With Vietnam not being too far away from us in the UAE, it makes an excellent, interesting and cost effective option for a family holiday. Fellow British mum, Francesca Affleck shares her tips on where to go, what to do and how she organises her trip of a lifetime. 

Having always wanted to explore Vietnam, we set about planning our holiday (that would be for just under 3 weeks) last summer (July 2016).  The first thing I did was buy the Lonely Planet Guide and a large pull-out map (old fashioned I know) but I needed to understand the geography of the country. I then set about reading the guide, working out how many places we could fit in and how long we should spend in each. 

Travel Agents

Once I knew where we wanted to go, I emailed two travel agents in April last year – Premium Choice Travel in Dubai and Rickshaw Travel in the UK. Both were incredibly helpful and we went back and forth with emails working out accommodation and transport. In the end, we decided to go with Rickshaw Travel simply because we dealt with Zoe – the Vietnam expert, and the itinerary gave us a bit more flexibility and overall and it worked out (only slightly) cheaper.

Flights

At first we planned to begin in Hanoi and work our way down to Ho Chi Minh City (HCMC), which is the official name, or Saigon as it is often referred to by the locals – but when Emirates announced its direct flights out of Hanoi, we changed our plans and started in HCMC so that by the time we had worked our way up, we could catch the second (ever) Emirates direct flight from Hanoi to Dubai. Both travel agents were happy to change our schedules to suit our plans. We booked our flights on Emirates ourselves and Rickshaw Travel arranged all our transfers once we gave them the details.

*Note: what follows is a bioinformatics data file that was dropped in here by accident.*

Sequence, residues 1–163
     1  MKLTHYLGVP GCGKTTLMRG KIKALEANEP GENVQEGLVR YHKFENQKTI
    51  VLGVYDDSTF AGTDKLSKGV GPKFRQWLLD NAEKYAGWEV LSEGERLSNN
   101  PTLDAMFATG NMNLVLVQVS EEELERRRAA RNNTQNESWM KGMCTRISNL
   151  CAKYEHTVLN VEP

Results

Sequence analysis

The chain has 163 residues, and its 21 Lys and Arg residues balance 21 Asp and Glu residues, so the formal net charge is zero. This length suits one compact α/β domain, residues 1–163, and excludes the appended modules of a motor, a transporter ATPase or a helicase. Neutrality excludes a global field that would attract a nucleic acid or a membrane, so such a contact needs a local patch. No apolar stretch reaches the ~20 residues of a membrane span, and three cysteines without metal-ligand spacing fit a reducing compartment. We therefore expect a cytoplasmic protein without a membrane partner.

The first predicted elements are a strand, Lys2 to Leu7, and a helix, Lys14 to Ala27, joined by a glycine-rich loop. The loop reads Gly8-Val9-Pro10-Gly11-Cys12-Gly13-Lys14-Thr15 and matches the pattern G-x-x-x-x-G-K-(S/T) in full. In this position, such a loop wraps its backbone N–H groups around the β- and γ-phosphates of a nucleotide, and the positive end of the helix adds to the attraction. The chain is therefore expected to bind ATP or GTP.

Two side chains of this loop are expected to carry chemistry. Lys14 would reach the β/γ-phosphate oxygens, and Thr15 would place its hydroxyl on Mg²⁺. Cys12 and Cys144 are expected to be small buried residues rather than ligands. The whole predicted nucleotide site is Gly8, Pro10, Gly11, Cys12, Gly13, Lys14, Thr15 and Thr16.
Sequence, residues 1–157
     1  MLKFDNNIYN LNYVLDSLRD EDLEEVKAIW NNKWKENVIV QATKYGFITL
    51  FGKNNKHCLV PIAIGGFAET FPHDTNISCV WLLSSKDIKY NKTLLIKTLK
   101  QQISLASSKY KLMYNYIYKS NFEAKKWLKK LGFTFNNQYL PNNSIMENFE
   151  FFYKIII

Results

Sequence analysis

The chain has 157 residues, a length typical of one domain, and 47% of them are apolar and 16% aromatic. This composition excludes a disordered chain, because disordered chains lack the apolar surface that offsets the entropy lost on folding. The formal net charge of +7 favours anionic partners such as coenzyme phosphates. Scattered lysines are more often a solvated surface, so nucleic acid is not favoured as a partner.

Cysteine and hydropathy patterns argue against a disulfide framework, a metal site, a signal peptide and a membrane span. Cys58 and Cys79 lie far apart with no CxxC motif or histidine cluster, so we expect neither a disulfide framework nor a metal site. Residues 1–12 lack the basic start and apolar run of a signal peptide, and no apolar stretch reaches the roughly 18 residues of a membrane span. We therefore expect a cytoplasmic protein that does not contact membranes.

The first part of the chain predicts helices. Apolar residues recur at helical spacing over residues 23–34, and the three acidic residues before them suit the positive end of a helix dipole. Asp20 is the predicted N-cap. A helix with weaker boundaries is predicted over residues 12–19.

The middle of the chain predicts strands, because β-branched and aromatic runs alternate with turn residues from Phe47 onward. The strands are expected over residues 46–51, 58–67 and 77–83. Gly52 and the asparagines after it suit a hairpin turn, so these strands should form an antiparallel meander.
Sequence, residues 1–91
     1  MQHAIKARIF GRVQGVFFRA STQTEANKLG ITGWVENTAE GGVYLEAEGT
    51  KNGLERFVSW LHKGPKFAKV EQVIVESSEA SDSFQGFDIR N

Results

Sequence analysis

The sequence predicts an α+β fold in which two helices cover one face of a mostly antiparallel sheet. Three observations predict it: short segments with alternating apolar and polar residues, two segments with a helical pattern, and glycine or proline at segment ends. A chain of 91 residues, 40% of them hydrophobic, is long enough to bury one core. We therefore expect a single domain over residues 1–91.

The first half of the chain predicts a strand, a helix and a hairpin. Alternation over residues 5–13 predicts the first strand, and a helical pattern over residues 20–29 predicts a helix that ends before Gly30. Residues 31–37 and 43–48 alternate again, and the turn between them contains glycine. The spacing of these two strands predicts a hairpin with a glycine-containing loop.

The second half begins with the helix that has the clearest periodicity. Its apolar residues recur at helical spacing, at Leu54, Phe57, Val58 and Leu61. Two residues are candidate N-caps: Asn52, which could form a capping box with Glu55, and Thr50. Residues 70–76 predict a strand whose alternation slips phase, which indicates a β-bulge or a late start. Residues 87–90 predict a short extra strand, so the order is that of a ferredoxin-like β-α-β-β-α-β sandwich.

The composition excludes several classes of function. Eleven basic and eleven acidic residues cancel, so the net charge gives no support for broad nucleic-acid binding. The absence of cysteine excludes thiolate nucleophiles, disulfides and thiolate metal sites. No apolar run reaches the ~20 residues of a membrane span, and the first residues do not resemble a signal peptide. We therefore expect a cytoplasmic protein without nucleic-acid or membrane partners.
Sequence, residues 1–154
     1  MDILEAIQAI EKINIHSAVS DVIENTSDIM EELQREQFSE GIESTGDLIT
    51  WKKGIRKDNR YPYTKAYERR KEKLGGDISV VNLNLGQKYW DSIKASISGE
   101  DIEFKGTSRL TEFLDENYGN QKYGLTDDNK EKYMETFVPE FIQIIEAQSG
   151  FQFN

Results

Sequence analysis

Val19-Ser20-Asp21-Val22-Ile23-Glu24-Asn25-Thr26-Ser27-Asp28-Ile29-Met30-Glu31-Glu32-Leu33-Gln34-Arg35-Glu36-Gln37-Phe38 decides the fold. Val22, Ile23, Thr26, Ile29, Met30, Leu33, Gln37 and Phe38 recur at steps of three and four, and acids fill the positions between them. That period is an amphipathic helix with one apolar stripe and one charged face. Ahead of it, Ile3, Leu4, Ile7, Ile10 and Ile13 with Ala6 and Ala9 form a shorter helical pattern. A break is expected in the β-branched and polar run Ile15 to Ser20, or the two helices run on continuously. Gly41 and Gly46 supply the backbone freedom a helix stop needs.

Transfers

We opted for private transfers throughout so we had fairly new transit vans to ourselves (much to the delight of our two teenagers who were able to stretch out). We always had an English speaking guide who travelled with us on our excursions and they were incredibly accommodating – transfer drivers also knew where they were going (although, at times, their driving skills were questionable). 

We drove from Saigon to Phan Thiet, took two (day) trains – Phan Thiet to Nha Trang and Danang to Hue and two internal flights on Vietnam Airlines – Nha Trang to Danang and Hue to Hanoi. Rickshaw Travel’s local partner, Asian Trails, arranged all our tickets which were given to us at each stop for the next leg so that we were not travelling with a great pile of papers. 

We chose to do day trains as we heard from friends that the night ones were too noisy each time they stopped! The day trains we thought were comfortable – Asian Trails made sure we had four seats around a table and best of all we were on the scenic (right) side of the train as we went through the Hai Van Pass, which had stunning views. There were meals on the train but we preferred to take our own snacks and eat when we got to the next stop. Vietnam airlines was reliable, although we did have one flight delayed but were given meal vouchers. We planned most journeys so they were about 4 – 5 hours in total. 

        

Ho Chi Minh City

We started our adventures in Ho Chi Minh City which was an assault on the senses – a busy city which (according to Thanh Nien News – Jan 2016) has a population of 8 million people and 7.4 million motorcycles! 

We launched straight into it with a tour that first evening with https://xotours.vn/ They have lady drivers (more careful we were told) who pick you up from your hotel, give you helmets and then proceed to whisk you straight into the busy evening traffic. It was an excellent, although slightly nerve-wracking, way to see the city as it is sprawled out over 2,096.5 sq km and divided into 19 districts – District 1 being the Central District also known as Saigon District. Our lovely lady drivers were very hospitable and friendly and took us to markets and street food stops across 4 of the main districts. Needless to say, the food was delicious!

We did a half-day roundtrip to Cu Chi Tunnels the next day. An incredible trip – highly recommended. In Saigon, we walked everywhere including the “Backpacker’s district” for a few bevvies (very cheap) in a fab, electric atmosphere and had a beer in a coffee shop overlooking the Ben Thanh night market as the traders arrived with their carts and set up for business.